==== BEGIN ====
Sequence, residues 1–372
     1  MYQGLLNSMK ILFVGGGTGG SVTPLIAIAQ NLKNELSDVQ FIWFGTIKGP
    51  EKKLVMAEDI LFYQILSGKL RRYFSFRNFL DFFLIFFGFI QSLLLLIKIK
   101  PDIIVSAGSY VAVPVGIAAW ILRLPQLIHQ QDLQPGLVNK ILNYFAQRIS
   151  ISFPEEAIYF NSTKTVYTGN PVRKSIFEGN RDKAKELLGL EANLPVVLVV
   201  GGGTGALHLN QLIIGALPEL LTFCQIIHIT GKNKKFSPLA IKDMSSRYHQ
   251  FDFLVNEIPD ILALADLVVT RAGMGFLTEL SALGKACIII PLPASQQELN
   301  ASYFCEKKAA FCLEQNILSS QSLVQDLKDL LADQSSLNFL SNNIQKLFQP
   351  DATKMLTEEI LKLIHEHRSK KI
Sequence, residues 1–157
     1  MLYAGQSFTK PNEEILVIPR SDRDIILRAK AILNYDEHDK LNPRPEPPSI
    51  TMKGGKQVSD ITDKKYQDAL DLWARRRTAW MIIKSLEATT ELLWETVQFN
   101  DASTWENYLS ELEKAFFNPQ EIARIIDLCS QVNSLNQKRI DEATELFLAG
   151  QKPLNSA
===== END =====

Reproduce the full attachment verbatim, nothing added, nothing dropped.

Sequence, residues 1–372
     1  MYQGLLNSMK ILFVGGGTGG SVTPLIAIAQ NLKNELSDVQ FIWFGTIKGP
    51  EKKLVMAEDI LFYQILSGKL RRYFSFRNFL DFFLIFFGFI QSLLLLIKIK
   101  PDIIVSAGSY VAVPVGIAAW ILRLPQLIHQ QDLQPGLVNK ILNYFAQRIS
   151  ISFPEEAIYF NSTKTVYTGN PVRKSIFEGN RDKAKELLGL EANLPVVLVV
   201  GGGTGALHLN QLIIGALPEL LTFCQIIHIT GKNKKFSPLA IKDMSSRYHQ
   251  FDFLVNEIPD ILALADLVVT RAGMGFLTEL SALGKACIII PLPASQQELN
   301  ASYFCEKKAA FCLEQNILSS QSLVQDLKDL LADQSSLNFL SNNIQKLFQP
   351  DATKMLTEEI LKLIHEHRSK KI
Sequence, residues 1–157
     1  MLYAGQSFTK PNEEILVIPR SDRDIILRAK AILNYDEHDK LNPRPEPPSI
    51  TMKGGKQVSD ITDKKYQDAL DLWARRRTAW MIIKSLEATT ELLWETVQFN
   101  DASTWENYLS ELEKAFFNPQ EIARIIDLCS QVNSLNQKRI DEATELFLAG
   151  QKPLNSA